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Was it well done, Sir, if you're upon that subject, to deliver what I entrusted to yourself, to the care of another, Sir.
Miss Neville. Mr. Hastings. Mr. Marlow. Why will you increase my distress by this groundless dispute? I implore, I intreat you
Your cloak, madam. My mistress is impatient.
Miss Neville. I come. Pray be pacified. If I leave you thus, I shall die with apprehension.
Your fan, muff and gloves, madam. The horses are waiting.
Miss Neville. O, Mr. Marlow ! if you knew what a scene of constraint and ill-nature lies before me, I'm sure it would convert your resentment into pity.
I'm so distracted with a variety of passions, that I don't know what I do. Forgive me, madam. George, forgive me. You know my hasty temper, and should not exasperate it.
The torture of my situation is my only excuse.
Miss Neville, Well, my dear Hastings, if you have that esteem for me that I think, that I am sure you have, your conscancy for three years will but increase the happiness of our future connexion. If—
Mrs. Hardcastle. ( Within) Miss Neville. Constance, why Constance, I say.
Miss Neville. I'm coming. Well, constancy, remember, constancy is the word. [Exit.
My heart! how can I support this. To be so near happiness, and such happiness 1
(To Tony) You see now, young gentleman, the effects of your folly. What might be amusement to you. is here disappointment, and even distress.
(From a reverie) Ecod. i have hit it. It's here. Your hands. Yours and yours, my poor Sulky. My boots there, ho. Meet me two hours hence at the bottom of the garden; and if you don't find Tony Lumpkin a more good-natur'd fellow than you thought for, I'll give you leave to take my best horse, and Bet Bouncer into the bargain. Come along. My boots, bo! [Exeunt. ACT THE FIFTH.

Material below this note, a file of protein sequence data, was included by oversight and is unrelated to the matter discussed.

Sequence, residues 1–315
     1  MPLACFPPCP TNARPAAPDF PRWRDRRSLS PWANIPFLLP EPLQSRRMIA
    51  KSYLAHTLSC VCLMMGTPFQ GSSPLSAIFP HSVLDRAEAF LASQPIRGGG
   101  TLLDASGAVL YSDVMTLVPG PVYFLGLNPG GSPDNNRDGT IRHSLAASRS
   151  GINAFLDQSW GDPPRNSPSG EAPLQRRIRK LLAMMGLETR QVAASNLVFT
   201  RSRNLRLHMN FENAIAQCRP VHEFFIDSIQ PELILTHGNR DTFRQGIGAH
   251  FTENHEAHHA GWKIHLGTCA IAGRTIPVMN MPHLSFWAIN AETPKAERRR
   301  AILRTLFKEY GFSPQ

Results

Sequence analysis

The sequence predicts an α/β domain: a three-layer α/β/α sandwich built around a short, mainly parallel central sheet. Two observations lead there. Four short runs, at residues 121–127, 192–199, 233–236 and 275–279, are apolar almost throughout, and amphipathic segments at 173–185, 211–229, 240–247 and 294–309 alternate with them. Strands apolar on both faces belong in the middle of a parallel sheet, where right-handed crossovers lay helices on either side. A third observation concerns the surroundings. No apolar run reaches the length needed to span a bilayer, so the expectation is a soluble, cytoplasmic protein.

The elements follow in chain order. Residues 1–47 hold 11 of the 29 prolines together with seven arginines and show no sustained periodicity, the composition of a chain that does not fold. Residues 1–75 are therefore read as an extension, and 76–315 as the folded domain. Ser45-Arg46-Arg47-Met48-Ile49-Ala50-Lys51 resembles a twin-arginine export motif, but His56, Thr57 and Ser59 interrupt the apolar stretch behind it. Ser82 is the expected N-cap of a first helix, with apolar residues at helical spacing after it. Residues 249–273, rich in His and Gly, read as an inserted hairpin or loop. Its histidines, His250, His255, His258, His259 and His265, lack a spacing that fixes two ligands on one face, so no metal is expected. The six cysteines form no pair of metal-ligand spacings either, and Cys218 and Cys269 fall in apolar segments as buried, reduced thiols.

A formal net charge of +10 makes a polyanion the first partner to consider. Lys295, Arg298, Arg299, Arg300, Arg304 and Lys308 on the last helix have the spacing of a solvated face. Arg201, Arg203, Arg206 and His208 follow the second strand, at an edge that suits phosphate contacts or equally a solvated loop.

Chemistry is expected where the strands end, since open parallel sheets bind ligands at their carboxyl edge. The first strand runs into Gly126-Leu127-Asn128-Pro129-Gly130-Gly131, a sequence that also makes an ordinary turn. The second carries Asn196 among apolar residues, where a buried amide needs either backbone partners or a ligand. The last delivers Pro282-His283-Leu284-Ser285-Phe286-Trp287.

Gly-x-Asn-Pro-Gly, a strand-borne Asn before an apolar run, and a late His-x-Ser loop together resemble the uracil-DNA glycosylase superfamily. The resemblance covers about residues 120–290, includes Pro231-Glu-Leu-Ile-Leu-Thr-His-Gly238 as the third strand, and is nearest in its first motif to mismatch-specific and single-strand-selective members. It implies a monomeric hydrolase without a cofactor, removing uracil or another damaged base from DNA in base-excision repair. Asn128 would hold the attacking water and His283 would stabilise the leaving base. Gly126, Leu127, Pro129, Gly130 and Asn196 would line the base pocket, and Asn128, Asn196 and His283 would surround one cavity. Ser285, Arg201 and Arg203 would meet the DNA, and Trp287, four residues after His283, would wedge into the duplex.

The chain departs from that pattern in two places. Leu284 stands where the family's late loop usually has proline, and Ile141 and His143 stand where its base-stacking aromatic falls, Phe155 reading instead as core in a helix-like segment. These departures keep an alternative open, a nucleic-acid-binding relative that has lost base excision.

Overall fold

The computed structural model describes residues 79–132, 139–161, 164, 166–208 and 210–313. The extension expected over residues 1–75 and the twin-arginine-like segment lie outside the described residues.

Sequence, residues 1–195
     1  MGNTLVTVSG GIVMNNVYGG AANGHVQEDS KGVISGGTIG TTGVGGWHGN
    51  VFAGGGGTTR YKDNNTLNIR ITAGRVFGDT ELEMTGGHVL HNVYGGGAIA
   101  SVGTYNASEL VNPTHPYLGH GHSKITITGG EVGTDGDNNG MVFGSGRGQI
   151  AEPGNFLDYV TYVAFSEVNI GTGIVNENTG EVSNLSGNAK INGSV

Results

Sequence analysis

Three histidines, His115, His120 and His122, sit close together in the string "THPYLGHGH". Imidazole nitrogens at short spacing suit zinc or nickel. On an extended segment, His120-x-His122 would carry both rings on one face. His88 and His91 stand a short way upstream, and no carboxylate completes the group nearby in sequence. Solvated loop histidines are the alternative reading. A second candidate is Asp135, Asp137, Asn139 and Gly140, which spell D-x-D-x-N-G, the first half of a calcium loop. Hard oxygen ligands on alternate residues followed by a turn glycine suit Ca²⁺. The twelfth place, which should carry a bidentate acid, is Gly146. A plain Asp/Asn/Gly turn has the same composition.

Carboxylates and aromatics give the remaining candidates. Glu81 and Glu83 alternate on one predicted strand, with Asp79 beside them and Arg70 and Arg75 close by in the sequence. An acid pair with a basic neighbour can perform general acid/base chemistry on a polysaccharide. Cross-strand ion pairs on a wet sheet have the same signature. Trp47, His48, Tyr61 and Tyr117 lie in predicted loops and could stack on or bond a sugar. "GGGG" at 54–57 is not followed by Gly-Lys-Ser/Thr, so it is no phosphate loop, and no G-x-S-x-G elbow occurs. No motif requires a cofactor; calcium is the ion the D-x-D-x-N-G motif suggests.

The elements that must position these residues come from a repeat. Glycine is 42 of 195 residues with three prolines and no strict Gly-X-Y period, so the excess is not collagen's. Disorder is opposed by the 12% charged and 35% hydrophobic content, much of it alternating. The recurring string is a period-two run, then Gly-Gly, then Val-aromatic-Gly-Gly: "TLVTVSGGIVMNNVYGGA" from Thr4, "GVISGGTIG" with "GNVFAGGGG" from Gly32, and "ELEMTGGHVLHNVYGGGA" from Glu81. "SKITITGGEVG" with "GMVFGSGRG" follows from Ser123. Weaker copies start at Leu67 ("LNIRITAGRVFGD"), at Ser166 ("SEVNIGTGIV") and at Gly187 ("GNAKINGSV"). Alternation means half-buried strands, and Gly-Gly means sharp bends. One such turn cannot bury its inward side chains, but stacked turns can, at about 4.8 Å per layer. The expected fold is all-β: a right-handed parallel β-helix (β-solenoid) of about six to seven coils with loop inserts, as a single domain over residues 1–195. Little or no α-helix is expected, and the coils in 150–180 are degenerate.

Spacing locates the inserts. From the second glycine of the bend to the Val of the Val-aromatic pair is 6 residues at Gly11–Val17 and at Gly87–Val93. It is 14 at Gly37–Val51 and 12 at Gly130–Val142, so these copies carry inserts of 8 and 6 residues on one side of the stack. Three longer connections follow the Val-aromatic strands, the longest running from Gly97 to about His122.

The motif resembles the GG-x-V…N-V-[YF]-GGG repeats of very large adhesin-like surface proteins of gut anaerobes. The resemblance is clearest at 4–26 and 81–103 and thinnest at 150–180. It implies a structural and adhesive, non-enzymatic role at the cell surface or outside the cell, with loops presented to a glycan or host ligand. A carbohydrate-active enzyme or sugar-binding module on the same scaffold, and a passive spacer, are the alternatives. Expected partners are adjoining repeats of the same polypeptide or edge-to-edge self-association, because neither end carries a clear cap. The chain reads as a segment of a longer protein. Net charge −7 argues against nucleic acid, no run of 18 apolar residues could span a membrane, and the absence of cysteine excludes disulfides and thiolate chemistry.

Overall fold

Enter Hastings and Servant.
^iToU saw the old lady end Miss Neville drive off, you say.
Yes, your honor. They went off in a post-coach, and the young 'squire went on horseback. They're thirty miles off by this time.
Then all my hopes are over.
Yes, Sir. Old Sir Charles is arrived. He and the old gentleman of the house have been laughing at Mr. Marlow's mistake this half hour. They are coming this way.
Then I must not be seen. So now to my fruitless appointment at the bottom of the garden. This is about the time. [Exit.
Enter Sir Charles and Hardcastle.
Ha! ha! ha! The peremptory tone in which he sent forth his sublime commands.
And the reserve with which I suppose he treated all your advances.
And yet he might have seen something in me above a common inn-keeper, too.
Yes, Dick, but he mistook you for an uncommon inn-keeper, ha! ha! ha!
Well, I'm in too good spirits to think of any thing but joy. Yes, my dear friend, this union of our families will make our personal friendships hereditary; and though my daughter's fortune is but small
Why, Dick, will you talk of fortune to me? My son is possessed of more than a competence already, and can want nothing but a good and virtuous girl to share his happiness and increase it. If they like each wther, as you say they do
If, man! I tell you they do like each other. My daughter as good as told me so.
But girls are apt to flatter themselves, you know. Hardcastle.
I saw him grasp her hand in the warmest manner myself; and here he comes to put you out of yourifs^ I warrant him.
I come, Sir, once more, to ask pardon for my strange conduct. I can scarce reflect on my insolence without confusion.
Tut, boy, a trifle. You take it too gravely. An hour or two's laughing with my daughter will set all to rights again. She'll never like you the worse for it.
Sir, I shall be always proud of her approbation.
Approbation is but a cold word, Mr. Marlow ; if I am not deceived, you have something more that approbation thereabouts. You take me.
Really, Sir, I have not that happiness.
Come boy, I'm an old fellow, and know what's what as well as you that are younger. I know what has past between you ; but mum.
Sure, Sir, nothing has past between us but the most profound respect on my side, and the most distant reserve on her's You don't think, Sir, that my impudence haa been past upon all the rest of the family?
Impudence ! No, I don't say that—not quite impudence—though girls like to be play'd with, and rumpled a little too sometimes. But she has told no tales, I assure you.
I never gave her the slightest cause.
Well, well, I like modesty in its place well enough. But this is over-acting, young gentleman. You may